Fontana and her colleagues applied this methodology to a case study examining the education sector’s resilience in the Calabria region of southern Italy. Calabria’s rugged mountains and picturesque villages are home to nearly 2 million people and 2,900 public schools. The region’s serene coastline belies its proximity to where the African tectonic plate plunges beneath the Eurasian plate, making it one of the most seismically active areas in the world.

The researchers rated the eleven variables and calculated resilience scores for each of Calabria’s 48 municipality networks, and found both spatial and sociological differences between them.

High secondary education drop-out rates and the low seismic integrity of school buildings in Calabria greatly contribute to low resiliency scores. Many of the region’s municipalities contain school buildings constructed before 1976. Less resilient municipalities are also clustered in southern Calibria, while more resilient municipalities were found to the north or in urban spaces with populations greater than 100,000 people. While Italy has achieved its national target goal of reducing the number of students that leave secondary education to 16%, it still has one of the highest dropout rates in the EU. Keeping schools open after a disaster, especially in earthquake prone regions like Calabria, helps students obtain the certifications necessary to qualify them for more employment opportunities.

Fontana says that poor building integrity and high school dropout rates are found in other Italian regions, but more work is needed to tease out cross-dimensional correlations between education resilience and economic, cultural and infrastructural resilience. “A territory with high education resilience is not necessarily resilient in absolute terms.”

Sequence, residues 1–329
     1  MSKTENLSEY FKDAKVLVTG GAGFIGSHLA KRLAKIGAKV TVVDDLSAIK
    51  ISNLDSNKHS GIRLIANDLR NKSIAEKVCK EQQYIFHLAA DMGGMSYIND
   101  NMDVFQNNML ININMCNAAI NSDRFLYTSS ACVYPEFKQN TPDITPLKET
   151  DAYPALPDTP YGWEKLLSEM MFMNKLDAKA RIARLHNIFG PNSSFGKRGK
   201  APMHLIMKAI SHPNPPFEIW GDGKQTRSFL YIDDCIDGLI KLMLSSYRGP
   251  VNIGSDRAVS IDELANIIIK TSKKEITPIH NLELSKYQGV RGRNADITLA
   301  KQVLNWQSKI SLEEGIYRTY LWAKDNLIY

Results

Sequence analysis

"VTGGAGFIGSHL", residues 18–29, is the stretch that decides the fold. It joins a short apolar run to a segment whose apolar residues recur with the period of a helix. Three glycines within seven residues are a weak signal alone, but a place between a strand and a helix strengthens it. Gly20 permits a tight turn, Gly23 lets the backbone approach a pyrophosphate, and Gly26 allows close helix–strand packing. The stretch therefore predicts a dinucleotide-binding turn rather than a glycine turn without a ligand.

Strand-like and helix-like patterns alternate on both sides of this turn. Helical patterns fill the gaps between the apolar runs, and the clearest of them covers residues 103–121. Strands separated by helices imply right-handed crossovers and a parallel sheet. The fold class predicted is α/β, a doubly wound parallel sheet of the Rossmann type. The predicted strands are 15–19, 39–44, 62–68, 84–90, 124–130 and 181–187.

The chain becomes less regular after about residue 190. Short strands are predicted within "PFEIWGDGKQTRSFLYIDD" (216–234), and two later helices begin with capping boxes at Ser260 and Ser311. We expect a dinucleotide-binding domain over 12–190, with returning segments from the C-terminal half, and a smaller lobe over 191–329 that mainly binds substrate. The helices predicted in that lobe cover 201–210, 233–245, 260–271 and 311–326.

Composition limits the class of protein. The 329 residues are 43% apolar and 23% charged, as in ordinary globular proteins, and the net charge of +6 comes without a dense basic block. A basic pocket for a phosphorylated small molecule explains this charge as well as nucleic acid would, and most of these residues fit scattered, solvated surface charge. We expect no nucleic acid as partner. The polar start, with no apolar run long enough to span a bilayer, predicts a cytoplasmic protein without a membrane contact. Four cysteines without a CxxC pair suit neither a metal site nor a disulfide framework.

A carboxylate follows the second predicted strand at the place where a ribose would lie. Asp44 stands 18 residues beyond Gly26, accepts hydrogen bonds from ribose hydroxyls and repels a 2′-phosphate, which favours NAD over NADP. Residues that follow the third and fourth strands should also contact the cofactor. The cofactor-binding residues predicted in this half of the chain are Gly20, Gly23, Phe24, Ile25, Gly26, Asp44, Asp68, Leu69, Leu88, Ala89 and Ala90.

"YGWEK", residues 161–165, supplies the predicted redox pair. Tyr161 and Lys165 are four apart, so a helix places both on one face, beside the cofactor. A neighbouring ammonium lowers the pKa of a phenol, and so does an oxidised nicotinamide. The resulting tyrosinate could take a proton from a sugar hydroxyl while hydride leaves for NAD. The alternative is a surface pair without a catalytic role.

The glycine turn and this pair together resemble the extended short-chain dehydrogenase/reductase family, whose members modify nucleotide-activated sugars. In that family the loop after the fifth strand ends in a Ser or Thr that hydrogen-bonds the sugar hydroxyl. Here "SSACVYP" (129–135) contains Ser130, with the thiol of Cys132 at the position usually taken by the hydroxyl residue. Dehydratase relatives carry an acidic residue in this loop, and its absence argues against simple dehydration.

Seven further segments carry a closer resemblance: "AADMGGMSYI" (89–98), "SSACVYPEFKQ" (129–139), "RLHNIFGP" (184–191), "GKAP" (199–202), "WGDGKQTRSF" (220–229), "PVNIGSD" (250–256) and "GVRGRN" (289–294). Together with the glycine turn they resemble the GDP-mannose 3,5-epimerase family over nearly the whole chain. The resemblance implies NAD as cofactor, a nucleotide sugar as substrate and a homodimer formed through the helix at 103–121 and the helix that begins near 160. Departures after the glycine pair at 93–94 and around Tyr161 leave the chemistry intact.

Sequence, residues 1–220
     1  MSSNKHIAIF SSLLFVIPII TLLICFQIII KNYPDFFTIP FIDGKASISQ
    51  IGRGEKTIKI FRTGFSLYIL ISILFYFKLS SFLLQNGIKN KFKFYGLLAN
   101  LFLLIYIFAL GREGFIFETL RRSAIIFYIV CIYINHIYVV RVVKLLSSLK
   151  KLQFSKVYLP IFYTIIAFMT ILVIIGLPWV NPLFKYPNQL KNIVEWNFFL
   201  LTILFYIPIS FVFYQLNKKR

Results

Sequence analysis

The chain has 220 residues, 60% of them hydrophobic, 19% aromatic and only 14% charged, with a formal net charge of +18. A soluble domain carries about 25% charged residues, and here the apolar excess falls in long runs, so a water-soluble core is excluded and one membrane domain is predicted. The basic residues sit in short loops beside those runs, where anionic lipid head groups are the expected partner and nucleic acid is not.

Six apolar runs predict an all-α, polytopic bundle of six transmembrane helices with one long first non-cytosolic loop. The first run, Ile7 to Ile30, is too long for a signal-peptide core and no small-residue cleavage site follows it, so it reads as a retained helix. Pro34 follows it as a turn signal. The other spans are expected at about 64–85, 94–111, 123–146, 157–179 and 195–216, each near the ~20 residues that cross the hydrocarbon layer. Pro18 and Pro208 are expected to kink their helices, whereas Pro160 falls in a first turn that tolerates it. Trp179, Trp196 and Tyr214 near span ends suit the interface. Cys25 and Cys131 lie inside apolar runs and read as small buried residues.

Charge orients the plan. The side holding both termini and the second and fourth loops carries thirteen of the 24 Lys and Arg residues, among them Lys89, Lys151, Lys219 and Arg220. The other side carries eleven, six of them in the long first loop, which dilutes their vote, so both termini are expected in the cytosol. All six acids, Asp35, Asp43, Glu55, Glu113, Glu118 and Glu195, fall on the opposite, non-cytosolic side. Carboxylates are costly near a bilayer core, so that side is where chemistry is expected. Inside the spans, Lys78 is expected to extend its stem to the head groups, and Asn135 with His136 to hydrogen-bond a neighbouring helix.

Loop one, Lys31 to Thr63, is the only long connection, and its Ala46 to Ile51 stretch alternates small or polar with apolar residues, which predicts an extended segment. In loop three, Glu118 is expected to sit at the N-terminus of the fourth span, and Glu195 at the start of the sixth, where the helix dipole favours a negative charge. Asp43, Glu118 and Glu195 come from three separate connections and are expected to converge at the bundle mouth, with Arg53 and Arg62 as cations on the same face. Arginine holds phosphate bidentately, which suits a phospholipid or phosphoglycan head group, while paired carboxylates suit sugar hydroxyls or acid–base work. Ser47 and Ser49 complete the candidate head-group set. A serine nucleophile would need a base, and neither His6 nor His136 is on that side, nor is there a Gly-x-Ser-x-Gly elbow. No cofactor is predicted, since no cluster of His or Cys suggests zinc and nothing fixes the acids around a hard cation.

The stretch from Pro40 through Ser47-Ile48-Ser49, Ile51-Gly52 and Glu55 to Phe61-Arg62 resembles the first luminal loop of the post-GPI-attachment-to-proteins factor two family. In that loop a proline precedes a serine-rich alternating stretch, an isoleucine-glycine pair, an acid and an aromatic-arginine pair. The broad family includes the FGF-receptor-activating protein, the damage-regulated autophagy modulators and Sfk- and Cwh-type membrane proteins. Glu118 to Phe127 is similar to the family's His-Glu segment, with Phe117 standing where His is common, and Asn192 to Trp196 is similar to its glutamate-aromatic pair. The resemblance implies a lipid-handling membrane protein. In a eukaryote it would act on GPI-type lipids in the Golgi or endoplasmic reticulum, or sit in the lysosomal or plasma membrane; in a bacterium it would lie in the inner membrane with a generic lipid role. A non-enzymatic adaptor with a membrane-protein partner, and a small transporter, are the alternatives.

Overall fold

Expanding resiliency research

Many researchers are working to develop a more multidimensional view on disaster risk reduction strategies.

“Understanding damage does not equate to understanding resilience,” says Hussam Mahmoud, an associate professor at Colorado State University who studies social services resilience with the Community Resilience Center of Excellence.

Mahmoud, who was not involved with this study, recently determined how education and healthcare system recovery are more intertwined than previously thought. Any change in hospital building closures or quality of service affects school functionality and vice versa. “There’s a need to understand how these different institutions depend on each other,” says Mahmoud.

“A more holistic approach is necessary, to contribute to seismic resilience studies in Italy, but also in the international panorama,” says Fontana. She plans to perform case studies on other regions in Italy and work on a method that overlaps social and physical vulnerability of the built environment with seismic hazard exposure. She says that raising awareness of these concerns in Italy’s scientific community may help spread awareness to broader political and institutional communities as well.